This posts organizes all Take Care analyses of the revised travel ban.
The sub-topics are: (1) Developments After IRAP v. Trump (2) Supreme Court Review; (3) The Courts of Appeals; (4) Getting the Facts Right; (5) The Establishment Clause; (6) Presidential Motive & Campaign Statements; (7) The National Security & Immigration Context; and (8) Appellate Briefing & Strategy.
Marty Lederman | 6/29/17
A post on the absurdity of the Administration’s interpretation of the Supreme Court’s modification of the travel-ban/refugee-limit preliminary injunctions.
Leah Litman | 6/29/17
The administration has again attempted to push the boundaries to see what it can get away with on the travel ban guidance.
Amir Ali | 6/29/17
As reported by the New York Times, the Administration's travel ban guidance shows a lack of respect for the Supreme Court's directive.
Marty Lederman | 6/27/17
Many close observers of the Court are still scratching their heads, trying to figure out just exactly what the Court did yesterday in Trump v. IRAP–and why. With the luxury of a few hours to ponder the mysteries, here are some tentative speculations on the most commonly posed questions.
Amir Ali | 6/27/17
By making fine distinctions between who Trump can or cannot ban from the US, the Supreme Court has opened the door to greater discrimination against Muslims at the border.
Daniel Hemel | 6/27/17
The Supreme Court’s travel ban order deviates sharply from well-established standards for the granting of a stay. For better or for worse, the spirit of compromise trumped the letter of the law.
Leah Litman | 6/26/17
Some quick thoughts on the Supreme Court's actions on the travel ban.
Jim Oleske | 6/23/17
DOJ can't distinguish a case from 1995 in which it took a diametrically opposed view on the relevance of campaign statements.
Leah Litman | 6/21/17
An analysis of DOJ's latest filing at SCOTUS in the travel ban cases.
Marty Lederman | 6/21/17
Analysis of DOJ's filing at SCOTUS today in the travel ban cases.
Leah Litman | 6/20/17
The President’s clarifying memorandum undercuts the legitimate rationale the executive order and DOJ had offered for the entry ban. An amicus brief filed in the Supreme Court explains why that matters.
Marty Lederman | 6/19/17
Here I offer three quick reactions to the government’s latest filing in the Ninth Circuit case—the first two on questions concerning what the Court should do now with the government’s applications, and the third with respect to the merits of the statutory ultra vires argument on which the Court of Appeals for the Ninth Circuit relied.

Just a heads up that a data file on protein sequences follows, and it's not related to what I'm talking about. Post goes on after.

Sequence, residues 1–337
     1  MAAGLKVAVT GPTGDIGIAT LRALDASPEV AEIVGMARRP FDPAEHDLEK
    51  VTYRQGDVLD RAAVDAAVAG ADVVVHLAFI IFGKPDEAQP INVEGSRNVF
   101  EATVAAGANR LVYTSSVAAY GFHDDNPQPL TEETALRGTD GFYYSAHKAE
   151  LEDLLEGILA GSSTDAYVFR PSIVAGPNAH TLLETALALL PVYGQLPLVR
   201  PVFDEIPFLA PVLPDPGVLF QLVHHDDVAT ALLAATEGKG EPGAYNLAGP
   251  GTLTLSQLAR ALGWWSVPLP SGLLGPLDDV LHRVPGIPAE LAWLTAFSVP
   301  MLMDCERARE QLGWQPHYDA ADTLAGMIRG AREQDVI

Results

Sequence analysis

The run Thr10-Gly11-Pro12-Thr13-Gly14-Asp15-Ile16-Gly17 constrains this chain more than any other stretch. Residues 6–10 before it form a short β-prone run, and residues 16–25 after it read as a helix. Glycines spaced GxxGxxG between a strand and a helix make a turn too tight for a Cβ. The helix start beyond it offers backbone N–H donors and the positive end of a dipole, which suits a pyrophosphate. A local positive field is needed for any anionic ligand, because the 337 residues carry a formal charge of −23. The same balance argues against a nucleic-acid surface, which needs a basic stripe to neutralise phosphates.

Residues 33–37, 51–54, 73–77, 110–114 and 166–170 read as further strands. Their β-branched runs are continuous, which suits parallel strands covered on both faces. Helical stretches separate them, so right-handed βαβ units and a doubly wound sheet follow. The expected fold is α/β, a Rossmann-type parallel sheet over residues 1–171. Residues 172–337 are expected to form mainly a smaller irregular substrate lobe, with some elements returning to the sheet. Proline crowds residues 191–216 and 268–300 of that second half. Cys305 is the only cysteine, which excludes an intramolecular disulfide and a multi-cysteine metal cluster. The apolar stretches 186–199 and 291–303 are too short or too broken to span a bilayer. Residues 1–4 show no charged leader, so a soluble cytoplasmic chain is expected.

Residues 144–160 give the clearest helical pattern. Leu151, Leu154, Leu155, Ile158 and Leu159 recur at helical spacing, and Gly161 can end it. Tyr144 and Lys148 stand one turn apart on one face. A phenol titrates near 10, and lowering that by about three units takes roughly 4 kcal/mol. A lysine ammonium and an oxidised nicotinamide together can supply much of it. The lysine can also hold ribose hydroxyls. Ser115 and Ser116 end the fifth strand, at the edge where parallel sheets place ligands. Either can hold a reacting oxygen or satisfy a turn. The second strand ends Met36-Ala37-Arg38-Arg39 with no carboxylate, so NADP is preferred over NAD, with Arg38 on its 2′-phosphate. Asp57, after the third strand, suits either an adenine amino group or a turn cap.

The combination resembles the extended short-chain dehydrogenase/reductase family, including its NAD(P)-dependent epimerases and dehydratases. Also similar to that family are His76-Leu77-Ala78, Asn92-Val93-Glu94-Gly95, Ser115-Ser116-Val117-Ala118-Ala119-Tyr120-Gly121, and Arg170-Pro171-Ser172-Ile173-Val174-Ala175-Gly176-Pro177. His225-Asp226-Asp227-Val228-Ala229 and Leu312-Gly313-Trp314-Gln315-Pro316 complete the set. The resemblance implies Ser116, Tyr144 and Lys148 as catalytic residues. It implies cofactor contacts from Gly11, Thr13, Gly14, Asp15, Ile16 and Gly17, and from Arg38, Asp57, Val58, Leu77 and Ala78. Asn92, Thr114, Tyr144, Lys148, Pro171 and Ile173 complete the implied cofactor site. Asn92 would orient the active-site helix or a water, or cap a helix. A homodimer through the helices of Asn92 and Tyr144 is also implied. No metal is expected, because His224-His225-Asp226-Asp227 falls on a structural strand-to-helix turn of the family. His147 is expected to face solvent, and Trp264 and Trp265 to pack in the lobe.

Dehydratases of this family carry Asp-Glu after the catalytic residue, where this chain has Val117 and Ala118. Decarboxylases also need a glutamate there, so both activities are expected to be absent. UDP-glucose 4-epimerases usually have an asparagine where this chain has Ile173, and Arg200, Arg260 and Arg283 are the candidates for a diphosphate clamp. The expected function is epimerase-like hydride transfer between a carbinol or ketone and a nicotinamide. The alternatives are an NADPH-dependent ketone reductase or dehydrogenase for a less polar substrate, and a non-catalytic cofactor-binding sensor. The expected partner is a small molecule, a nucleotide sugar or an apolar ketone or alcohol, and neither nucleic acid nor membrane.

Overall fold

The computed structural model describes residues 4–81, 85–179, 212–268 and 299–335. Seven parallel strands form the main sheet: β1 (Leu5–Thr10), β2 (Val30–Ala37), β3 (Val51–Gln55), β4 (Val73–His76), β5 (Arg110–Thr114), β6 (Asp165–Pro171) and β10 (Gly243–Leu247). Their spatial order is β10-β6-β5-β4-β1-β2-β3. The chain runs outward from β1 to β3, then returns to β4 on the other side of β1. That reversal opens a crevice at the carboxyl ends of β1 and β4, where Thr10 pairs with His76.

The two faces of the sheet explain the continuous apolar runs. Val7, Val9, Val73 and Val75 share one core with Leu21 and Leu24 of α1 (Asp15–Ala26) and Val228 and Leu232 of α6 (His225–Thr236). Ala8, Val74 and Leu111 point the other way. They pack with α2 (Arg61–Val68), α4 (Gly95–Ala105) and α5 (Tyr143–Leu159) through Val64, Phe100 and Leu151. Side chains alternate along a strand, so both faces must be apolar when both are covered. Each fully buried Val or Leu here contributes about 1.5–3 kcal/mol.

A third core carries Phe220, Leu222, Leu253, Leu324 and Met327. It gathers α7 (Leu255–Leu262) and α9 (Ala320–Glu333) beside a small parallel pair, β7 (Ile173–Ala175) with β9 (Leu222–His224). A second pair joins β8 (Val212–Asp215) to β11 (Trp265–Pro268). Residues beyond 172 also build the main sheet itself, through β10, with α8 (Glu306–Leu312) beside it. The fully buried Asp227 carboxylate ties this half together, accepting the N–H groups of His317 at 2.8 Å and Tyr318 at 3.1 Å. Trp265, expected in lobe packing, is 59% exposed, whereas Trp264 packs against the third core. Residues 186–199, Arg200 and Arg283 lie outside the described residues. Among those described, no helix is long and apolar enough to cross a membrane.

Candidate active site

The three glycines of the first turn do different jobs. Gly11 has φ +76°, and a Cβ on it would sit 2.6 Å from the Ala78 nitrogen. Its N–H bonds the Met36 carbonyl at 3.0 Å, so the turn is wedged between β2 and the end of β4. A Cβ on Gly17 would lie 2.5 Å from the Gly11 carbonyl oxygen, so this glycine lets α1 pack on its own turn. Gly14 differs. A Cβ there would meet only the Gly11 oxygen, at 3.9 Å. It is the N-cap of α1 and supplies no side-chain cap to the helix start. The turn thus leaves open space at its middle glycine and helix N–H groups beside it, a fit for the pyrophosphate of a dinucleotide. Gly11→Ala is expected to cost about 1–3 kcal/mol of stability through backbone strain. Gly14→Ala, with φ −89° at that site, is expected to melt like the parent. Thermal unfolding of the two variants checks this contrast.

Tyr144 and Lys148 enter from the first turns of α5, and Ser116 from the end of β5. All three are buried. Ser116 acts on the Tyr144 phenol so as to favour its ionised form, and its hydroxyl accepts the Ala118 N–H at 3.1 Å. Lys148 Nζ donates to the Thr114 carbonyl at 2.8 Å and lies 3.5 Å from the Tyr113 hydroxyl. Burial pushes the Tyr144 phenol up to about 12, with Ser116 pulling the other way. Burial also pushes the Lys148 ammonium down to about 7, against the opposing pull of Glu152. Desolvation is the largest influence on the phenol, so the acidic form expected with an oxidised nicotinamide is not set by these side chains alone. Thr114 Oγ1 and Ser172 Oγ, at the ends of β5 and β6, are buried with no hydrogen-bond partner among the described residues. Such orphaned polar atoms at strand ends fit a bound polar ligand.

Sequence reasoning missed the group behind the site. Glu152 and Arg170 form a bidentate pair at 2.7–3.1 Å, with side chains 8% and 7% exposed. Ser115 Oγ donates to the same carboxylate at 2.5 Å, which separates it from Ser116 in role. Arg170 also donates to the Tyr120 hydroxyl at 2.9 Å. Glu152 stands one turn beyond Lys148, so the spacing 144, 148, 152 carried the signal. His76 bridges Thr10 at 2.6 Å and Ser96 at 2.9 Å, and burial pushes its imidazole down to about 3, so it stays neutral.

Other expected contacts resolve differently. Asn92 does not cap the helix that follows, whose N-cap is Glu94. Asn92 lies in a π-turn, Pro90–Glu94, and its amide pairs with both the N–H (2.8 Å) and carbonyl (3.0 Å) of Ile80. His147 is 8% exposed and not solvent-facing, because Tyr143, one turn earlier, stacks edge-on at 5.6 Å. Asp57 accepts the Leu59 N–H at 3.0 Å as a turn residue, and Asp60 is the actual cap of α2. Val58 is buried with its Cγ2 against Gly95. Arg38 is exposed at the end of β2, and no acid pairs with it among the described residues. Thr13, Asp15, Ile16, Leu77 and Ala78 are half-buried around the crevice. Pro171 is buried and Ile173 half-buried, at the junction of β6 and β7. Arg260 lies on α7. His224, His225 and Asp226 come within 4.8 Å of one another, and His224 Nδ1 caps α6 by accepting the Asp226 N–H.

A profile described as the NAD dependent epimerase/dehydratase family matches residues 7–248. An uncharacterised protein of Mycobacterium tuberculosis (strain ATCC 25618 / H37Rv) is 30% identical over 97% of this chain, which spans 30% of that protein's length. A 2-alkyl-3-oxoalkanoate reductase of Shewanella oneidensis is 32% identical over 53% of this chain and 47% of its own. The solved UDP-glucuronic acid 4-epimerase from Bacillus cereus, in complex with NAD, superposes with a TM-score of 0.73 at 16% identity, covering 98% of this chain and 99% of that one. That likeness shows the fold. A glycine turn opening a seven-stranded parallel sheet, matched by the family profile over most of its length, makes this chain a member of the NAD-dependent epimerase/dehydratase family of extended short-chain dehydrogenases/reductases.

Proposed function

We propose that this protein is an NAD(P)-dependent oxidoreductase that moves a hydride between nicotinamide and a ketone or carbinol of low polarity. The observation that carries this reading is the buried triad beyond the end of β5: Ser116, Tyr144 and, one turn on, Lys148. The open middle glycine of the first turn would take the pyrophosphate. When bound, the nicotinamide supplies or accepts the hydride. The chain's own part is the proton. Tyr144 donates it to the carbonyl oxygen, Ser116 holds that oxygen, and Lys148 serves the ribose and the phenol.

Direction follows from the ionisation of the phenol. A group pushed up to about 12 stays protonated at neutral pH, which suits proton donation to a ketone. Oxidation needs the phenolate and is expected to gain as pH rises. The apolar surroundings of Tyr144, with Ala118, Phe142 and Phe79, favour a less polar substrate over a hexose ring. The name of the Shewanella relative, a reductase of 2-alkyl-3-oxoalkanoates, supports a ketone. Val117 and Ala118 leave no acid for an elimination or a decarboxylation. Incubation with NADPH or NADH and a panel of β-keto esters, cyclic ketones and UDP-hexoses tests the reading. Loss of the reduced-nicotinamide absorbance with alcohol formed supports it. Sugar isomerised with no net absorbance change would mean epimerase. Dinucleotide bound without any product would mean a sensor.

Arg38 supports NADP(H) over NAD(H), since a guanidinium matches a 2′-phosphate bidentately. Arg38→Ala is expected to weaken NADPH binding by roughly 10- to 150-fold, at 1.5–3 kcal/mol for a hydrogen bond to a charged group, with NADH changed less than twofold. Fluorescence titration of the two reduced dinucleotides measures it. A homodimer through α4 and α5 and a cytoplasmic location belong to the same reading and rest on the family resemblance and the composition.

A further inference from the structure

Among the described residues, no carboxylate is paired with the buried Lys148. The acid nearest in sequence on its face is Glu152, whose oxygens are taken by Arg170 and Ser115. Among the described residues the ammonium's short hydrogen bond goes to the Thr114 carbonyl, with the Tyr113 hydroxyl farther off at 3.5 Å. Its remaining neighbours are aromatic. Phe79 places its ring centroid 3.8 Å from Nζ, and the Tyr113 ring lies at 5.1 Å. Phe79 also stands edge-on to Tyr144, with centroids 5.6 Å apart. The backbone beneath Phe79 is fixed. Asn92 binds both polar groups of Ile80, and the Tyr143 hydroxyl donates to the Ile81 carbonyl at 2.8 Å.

Corey Brettschneider | 6/16/17
President Trump has asked the Supreme Court to lift the stay preventing him from implementing his travel ban. Nelson Tebbe, Micah Schwartzman and I, along with a large group of constitutional law scholars, have filed a brief opposing Trump's motion.
Marty Lederman | 6/15/17
In this post I explain why, in light of the Ninth Circuit’s decision on Monday, there’s no good reason for the Supreme Court to grant any of the government’s petitions or applications.
Leah Litman & Steve Vladeck | 6/15/17
The President's "clarifying" memorandum undermines the facial legitimacy of the entry ban, and the government's stated purposes for the entry ban.
Jim Oleske | 6/15/17
Litigation over Blaine Amendments--and the government's filings in LeBlanc-Sternberg v. Fletcher--show that reliance on unofficial campaign statements is far from novel in our religious liberty tradition—and would no doubt be embraced by federal judges in the face of an analogous anti-Catholic measure.
Amir Ali | 6/7/17
The Administration's unhurried pace in defending its revised travel ban belies its representations of urgency to the U.S. Supreme Court.
Leah Litman | 6/5/17
The President's latest statements on Twitter undermine DOJ's defense of the entry ban, and continue the President's efforts to blame everyone (including DOJ and the courts) but himself.
Corey Brettschneider | 6/5/17
Thanks in part to the President's own recent tweets and public comments, the case for concluding that his revised travel ban is unconstitutional has now become overwhelming.
Leah Litman & Helen Klein Murillo | 6/5/17
The President's statements on the London attacks reveal how the President thinks about his entry ban, and also what he might do if there is ever an attack on the United States.
Marty Lederman | 6/2/17
I've argued that the Supreme Court shouldn't grant review of the travel ban case because 33 hours after the Respondents file their response to the petition for certiorari on June 12, the entry ban will no longer be operative. Here I respond to two purportedly “plausible” alternative interpretations of the executive order offered by William Baude.
Marty Lederman | 6/2/17
The government's papers in the Supreme Court neglect to mention that the entry ban expires in 12 days, anyways.
Leah Litman | 6/2/17
The government's petition for certiorari and stay requests raise some difficult timing issues in the travel ban litigation.
Amir Ali | 6/1/17
The Ninth Circuit can give life to one of the challengers' most powerful arguments against Supreme Court review.
Joshua Matz | 5/30/17
A detailed guide to how and when the Muslim Ban might reach the Supreme Court (and why this question really matters).
Leah Litman | 6/12/17
A quick recap of the Ninth Circuit's decision in Hawaii v. Trump with thoughts about what it portends for the Supreme Court.
Leah Litman | 5/25/17
A quick recap of the Fourth Circuit's decision in IRAP v. Trump.
Marty Lederman | 5/9/17
In the Fourth Circuit argument in IRAP v. Trump, Judge Keenan put her finger on a simple, basic reason why Section 2(c) of Executive Order 13769 is unlawful—and it doesn’t have much to do with the Establishment Clause. Rather, it’s a matter of everyday statutory interpretation, and the fact that President Trump has failed to establish the necessary precondition for the exercise of his statutory authority.
Corey Brettschneider | 5/25/17
As the Fourth Circuit recognized today, even if Kleindanst v. Mandel supplies the rule of decision and requires rationality review, animus is fatal to the Muslim Ban even under that standard.